Nottingham soldier's war diary goes under the hammer

Captain Angus McKenzie Forsyth Image copyright Charterhouse Auctioneers
Image caption Angus McKenzie Forsyth noted "his people" did not share his joy at joining up

The diary of a World War One soldier who won the Military Cross despite his "physical shortcomings" has been sold.

Angus McKenzie Forsyth joined up in Nottingham a month after war started in August 1914 but was apparently concerned about his height.

But he was accepted into the Sherwood Foresters and his diary recorded everything from near misses and Christmas treats.

The diary along with medals, sword and other items, fetched £1,100 at auction.

Image copyright Charterhouse Auctioneers
Image caption The collection includes a certificate to mark his Mention in Despatches

Mr Forsyth was born in Nottingham in 1893 and worked as an accountant.

His soldier's diary - something frowned upon by commanders - records on 23 September: "I duly enlisted, and was accepted, despite my physical shortcomings.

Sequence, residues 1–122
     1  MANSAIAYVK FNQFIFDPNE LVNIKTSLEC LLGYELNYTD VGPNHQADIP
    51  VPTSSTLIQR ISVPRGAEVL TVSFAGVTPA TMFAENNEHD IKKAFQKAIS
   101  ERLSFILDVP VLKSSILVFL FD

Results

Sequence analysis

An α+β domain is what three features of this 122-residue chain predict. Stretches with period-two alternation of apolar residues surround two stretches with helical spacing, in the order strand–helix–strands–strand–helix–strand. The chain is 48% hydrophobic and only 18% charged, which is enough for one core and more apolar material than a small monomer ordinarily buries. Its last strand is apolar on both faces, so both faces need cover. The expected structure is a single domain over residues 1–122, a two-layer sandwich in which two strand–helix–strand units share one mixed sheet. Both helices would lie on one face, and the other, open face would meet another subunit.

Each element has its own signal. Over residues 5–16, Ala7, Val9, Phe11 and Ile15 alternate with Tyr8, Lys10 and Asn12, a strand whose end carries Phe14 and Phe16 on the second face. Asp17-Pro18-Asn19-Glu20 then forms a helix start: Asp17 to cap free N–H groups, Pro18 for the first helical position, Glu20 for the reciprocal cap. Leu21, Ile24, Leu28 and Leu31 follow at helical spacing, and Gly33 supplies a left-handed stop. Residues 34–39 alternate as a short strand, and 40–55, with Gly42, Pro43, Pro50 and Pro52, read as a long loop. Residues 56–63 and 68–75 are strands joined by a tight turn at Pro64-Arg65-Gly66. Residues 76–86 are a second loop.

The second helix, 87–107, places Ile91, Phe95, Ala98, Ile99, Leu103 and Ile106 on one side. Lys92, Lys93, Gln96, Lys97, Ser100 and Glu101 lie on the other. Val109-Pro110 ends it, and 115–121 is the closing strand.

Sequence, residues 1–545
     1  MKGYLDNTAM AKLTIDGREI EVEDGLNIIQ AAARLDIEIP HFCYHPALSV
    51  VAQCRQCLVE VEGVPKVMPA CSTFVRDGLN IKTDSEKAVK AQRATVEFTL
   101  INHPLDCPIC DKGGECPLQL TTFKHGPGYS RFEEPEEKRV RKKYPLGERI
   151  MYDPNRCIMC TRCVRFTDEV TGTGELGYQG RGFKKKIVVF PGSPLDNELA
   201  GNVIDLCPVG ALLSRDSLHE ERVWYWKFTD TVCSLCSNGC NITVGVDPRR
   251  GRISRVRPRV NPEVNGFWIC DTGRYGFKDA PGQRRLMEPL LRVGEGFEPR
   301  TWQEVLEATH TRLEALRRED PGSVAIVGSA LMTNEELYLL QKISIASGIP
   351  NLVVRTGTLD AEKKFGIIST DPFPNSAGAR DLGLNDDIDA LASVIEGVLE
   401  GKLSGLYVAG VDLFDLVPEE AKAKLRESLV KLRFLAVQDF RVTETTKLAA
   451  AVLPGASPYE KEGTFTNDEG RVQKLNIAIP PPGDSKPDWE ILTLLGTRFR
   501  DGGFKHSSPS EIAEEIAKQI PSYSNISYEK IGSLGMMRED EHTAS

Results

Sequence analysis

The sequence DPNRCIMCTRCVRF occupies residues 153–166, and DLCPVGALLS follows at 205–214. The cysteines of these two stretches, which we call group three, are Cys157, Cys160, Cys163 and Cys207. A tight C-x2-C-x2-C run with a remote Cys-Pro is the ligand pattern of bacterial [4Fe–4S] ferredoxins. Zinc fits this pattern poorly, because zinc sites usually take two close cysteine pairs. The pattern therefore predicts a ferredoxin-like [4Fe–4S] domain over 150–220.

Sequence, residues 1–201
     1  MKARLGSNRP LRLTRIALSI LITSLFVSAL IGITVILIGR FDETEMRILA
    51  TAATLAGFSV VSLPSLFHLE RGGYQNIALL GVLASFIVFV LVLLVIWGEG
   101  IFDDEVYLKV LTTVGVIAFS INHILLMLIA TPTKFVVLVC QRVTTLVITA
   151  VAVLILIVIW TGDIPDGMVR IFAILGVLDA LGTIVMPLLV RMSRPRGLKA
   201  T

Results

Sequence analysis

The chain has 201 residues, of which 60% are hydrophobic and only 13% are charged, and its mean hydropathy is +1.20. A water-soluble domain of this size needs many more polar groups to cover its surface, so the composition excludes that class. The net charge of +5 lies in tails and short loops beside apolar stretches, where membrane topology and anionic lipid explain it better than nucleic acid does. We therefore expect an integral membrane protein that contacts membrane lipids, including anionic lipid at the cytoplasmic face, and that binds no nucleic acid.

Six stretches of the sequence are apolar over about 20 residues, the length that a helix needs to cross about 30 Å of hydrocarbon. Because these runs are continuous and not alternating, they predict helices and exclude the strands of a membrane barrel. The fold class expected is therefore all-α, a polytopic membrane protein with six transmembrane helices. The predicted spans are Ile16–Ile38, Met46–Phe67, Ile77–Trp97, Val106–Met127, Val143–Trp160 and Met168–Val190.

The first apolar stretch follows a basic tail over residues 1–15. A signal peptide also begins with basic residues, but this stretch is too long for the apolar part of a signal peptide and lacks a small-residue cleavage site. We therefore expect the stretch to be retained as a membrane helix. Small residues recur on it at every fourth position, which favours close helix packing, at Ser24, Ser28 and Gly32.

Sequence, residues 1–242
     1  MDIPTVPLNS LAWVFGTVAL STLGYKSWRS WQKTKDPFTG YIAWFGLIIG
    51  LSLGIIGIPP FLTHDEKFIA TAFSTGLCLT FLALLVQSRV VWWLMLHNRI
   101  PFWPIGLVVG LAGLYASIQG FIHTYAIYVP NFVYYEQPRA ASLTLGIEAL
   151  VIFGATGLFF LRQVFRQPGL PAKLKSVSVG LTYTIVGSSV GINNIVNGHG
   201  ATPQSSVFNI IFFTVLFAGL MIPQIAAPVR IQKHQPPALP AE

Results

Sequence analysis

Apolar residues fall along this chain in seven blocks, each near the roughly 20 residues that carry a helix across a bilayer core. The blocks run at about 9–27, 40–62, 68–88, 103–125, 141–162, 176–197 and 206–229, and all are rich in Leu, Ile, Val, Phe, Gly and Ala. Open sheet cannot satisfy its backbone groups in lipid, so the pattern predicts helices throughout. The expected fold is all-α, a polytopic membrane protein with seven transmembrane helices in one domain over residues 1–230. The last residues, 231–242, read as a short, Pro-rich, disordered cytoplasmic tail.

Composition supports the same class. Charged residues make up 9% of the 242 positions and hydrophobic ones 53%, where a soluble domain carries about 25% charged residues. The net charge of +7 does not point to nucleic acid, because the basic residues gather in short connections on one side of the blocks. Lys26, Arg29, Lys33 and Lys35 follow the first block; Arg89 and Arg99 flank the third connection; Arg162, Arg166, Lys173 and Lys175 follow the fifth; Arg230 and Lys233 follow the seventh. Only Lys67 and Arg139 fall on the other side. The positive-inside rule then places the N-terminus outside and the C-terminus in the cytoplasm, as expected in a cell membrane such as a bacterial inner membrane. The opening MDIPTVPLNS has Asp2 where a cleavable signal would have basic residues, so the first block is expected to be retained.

"Proudly deported a rosette on my buttonhole. My people did not share my enthusiasm!"

Originally the minimum height for a soldier was 5ft 3ins (160cm) but this was waived later in the war.

Image copyright Charterhouse Auctioneers
Image caption Christmas Day was still a cause for celebration, even on the Western Front

On 1 February 1916 he wrote: "We land in France after an interesting crossing….Corporal Godson (?) had the misfortune to break his thigh by slipping on the quay - our first casualty…"

He recorded a 1917 Christmas Day treat of "roast pork" and then the officers "soundly beating" sergeants at an unspecified game because the sergeants had dined "not wisely and too well".

The reality of war is also clear with an entry for 30/31 October 1917 saying: "Colin Bell, a good officer, killed by a shell. Crowds go down with trench feet.

"The Bosche get a direct hit on my pill box, the shell almost coming through the door. I get it in the neck and arm - fortunately only slightly, a piece smashes the butt of my revolver…"

The collection also includes a certificate for mention in despatches and the Military Medal for an attack where "he led his company with great determination, capturing the objective and killing and capturing a large number of the enemy".

The diary ends in November 1917 with him joining a training battalion in England as a captain.

He died in 1956 and the collection was sold by one of his descendants.

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